A house cat is smaller than an aircraft carrier, not larger– in world of ‘NYT’ correction

US Politics
on 6 Comments

This is off my usual topic when ranting about the New York Times, but I found it funny seeing how the NYT goes about retracting a dumb mistake. It probably isn’t fair to generalize from this, but it is tempting. Not Middle East material, but I wanted to share.

I enjoyed the above article in last Sunday’s Times Magazine quite a bit– “A new initiative to beam messages into space may be our best shot yet at learning whether we’re alone in the universe. There’s just one problem: What if we’re not?” Author Steven Johnson pointed out that those who receive the message might seek “the destruction of all life on earth.”

But unfortunately Johnson quoted a science fiction writer, David Brin, who claimed that in 50 years we would be able to launch a few kilograms at half the speed of light (maybe so) and (here is the mistake) the energy would make the impact that killed the dinosaurs look small.

This is a mistake a bright high school kid with an interest in physics could have caught. The energy of the asteroid that killed the dinosaurs is usually estimated to be in the 100 million
megaton range. The energy of ” several” kilograms going at half the speed of light is roughly 16 to 17 megatons if we take several to mean 5.

The original story said the few kilograms going at one half the speed of light had kinetic energy much greater than the asteroid. The reality is that it is millions of times less.

A number of nerds pointed this out to the Times (I was one), and the Times correction says that the energy would be less, not greater, than the asteroid impact.

An earlier version of this article misstated the impact a few kilograms traveling half the speed of light would have if they collided with Earth. The impact would be less than that of the asteroid that killed off the dinosaurs, not more.

That is true in the same sense that a house cat is smaller, not larger than a WW 2 aircraft carrier. That is the size of the mistake they made. A house cat has a mass of several kilograms, but you would need a 30,000 ton object going at half the speed of light to equal the dinosaur-killing asteroid impact.

This isn’t the kind of mistake most non-nerds are going to care about, but it shows not only some sloppiness, but a realization that if they admitted the size of the mistake they would look a bit silly to anyone who cared.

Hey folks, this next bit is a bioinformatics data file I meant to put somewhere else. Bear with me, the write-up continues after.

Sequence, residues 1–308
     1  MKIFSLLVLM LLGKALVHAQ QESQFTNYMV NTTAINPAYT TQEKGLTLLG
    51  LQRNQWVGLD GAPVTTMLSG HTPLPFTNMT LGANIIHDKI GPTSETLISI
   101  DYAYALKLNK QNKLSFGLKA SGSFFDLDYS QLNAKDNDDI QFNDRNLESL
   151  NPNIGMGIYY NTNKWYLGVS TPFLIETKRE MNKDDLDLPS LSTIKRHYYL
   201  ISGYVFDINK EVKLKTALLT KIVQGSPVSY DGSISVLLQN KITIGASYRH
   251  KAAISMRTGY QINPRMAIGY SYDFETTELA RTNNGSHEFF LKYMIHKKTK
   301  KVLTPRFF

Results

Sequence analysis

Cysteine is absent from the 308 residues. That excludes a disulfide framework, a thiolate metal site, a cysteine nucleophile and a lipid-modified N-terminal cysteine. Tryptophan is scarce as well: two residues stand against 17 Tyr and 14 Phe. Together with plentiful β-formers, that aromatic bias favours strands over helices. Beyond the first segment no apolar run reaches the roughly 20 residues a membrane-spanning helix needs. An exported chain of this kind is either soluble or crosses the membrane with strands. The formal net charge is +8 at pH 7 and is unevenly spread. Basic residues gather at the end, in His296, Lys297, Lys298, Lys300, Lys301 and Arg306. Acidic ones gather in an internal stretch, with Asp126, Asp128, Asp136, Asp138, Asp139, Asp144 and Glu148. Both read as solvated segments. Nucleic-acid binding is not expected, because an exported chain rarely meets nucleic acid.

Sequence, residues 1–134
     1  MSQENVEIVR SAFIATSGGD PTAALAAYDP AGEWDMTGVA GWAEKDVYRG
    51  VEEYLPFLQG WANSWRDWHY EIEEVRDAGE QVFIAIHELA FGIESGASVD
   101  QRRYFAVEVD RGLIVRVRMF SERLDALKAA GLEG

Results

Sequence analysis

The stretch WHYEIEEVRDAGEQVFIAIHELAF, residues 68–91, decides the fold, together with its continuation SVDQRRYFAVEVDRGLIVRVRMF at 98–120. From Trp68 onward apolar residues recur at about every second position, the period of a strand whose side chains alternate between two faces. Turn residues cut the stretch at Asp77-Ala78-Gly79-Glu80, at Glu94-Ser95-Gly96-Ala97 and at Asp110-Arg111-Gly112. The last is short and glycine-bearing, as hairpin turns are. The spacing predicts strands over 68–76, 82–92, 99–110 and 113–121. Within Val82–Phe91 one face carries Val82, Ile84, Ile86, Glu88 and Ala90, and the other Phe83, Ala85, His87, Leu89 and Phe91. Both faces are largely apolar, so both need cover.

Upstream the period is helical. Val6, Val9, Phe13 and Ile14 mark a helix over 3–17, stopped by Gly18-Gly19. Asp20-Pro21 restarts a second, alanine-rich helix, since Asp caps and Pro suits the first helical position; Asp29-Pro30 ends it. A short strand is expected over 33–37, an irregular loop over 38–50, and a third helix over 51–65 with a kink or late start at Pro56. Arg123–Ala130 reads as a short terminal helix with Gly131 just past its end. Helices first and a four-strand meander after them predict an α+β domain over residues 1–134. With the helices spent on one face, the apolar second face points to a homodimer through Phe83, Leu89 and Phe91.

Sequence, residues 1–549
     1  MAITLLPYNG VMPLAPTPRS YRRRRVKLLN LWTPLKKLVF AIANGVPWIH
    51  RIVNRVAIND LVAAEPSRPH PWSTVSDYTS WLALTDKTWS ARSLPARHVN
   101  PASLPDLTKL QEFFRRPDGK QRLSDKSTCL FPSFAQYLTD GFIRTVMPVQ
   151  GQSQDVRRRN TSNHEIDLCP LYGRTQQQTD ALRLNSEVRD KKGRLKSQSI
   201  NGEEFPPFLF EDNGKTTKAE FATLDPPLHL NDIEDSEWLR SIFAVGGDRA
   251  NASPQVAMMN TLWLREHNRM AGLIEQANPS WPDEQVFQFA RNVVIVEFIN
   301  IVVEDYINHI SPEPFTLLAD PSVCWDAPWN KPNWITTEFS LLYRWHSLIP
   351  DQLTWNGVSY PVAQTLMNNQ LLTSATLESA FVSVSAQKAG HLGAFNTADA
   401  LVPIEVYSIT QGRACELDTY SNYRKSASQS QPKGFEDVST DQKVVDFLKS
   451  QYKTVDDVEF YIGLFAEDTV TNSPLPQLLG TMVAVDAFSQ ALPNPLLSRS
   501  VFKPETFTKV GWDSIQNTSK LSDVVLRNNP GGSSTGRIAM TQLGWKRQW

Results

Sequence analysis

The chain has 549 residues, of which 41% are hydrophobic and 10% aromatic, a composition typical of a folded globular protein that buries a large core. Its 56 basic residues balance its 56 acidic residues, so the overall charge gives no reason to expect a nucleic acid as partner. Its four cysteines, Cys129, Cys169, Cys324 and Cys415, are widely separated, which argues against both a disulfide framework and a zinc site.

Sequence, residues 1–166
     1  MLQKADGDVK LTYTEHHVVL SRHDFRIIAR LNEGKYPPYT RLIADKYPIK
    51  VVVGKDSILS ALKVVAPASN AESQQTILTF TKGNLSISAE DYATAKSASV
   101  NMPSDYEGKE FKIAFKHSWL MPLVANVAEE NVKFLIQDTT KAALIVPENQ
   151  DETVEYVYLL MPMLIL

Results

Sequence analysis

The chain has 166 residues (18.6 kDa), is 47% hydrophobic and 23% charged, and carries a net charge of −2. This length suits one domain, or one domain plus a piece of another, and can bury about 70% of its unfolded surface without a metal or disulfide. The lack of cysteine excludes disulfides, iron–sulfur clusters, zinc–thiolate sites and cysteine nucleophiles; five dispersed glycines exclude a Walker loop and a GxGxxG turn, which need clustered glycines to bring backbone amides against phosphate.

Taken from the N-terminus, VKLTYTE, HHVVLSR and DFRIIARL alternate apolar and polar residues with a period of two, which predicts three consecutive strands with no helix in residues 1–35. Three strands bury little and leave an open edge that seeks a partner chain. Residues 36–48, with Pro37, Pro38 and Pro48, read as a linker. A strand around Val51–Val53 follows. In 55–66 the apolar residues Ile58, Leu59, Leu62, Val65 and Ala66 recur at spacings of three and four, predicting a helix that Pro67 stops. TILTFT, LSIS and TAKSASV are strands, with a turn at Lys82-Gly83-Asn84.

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6 Responses

  1. Walker
    July 7, 2017, 1:28 pm
  2. ahadhaadam
    July 7, 2017, 2:24 pm

    Maybe that’s why the New York Times calculates the energy of an Israeli tank shell traveling at 1,000 meters per second towards a Palestinian home as having equal energy to that of a rock thrown by a Palestinian teen – hence the symmetrical conflict portrayal which is the bedrock of NYT journalism when it comes to Israel-Palestine. Any chance they would ever correct that?

    • Donald Johnson
      July 7, 2017, 8:26 pm

      Good analogy. They would probably take the same approach– acknowledge if pressed that a rock thrown by a boy does have less energy than an artillery projectile traveling at 1 km per second.

      Gotta look at Walker’s link.

  3. Keith
    July 7, 2017, 5:18 pm

    DONALD JOHNSON- “The energy of ” several” kilograms going at half the speed of light is roughly 16 to 17 megatons if we take several to mean 5.”

    Assuming current or projected efficiency in conversion of fuel to velocity, how much energy/fuel would be required to accelerate your 5 kilogram projectile to half the speed of light? I suspect that energy reality is completely overlooked by modern science fiction which fails to deal with the energy reality of space travel. My background doesn’t permit me to make the calculations, but apparently yours does. Thanks.

    • Donald Johnson
      July 7, 2017, 7:16 pm

      I am not a rocket scientist either, but you are no doubt correct to be skeptical about how easy it would be. I said maybe in 50 years because who knows what might be doable in 50 years, but at present it looks very very hard. Here is a paper that pours some cold water on the overoptimistic assumptions people make concerning antimatter rockets.

      https://trs.jpl.nasa.gov/bitstream/handle/2014/38278/03-1942.pdf?sequence=1&isAllowed=y

      Of course manufacturing and safely storing the stuff is the biggest problem. I would imagine you would have solar powered factories in space. Only lunatics would do it on earth.

      • Donald Johnson
        July 7, 2017, 8:23 pm

        I skimmed through the link above ( only skimmed– reading it seriously would be a major project) and to get to 0.5 c using his assumptions requires a mass ratio close to 30. So it would take 150 kilograms of matter and antimatter to get the 5 kilos up to that speed.

        You would calculate the number to be much less if you see the standard relativistic rocket equation ( given in the following link) and assumed a much higher exhaust velocity as a science fiction writer probably would have done or as I would have done but according to the preceding link the standard equation isn’t accurate for antimatter powered rockets and reality is an ugly thing for people who want to go zipping along at a respectable fraction of c.

        http://www.relativitycalculator.com/images/rocket_equations/AIAA.pdf

        Anyway, back to more normal mondoweiss topics. I thought it was interesting how the NYT handled a factor of six million error acknowledgement. Not very openly, it turns out.

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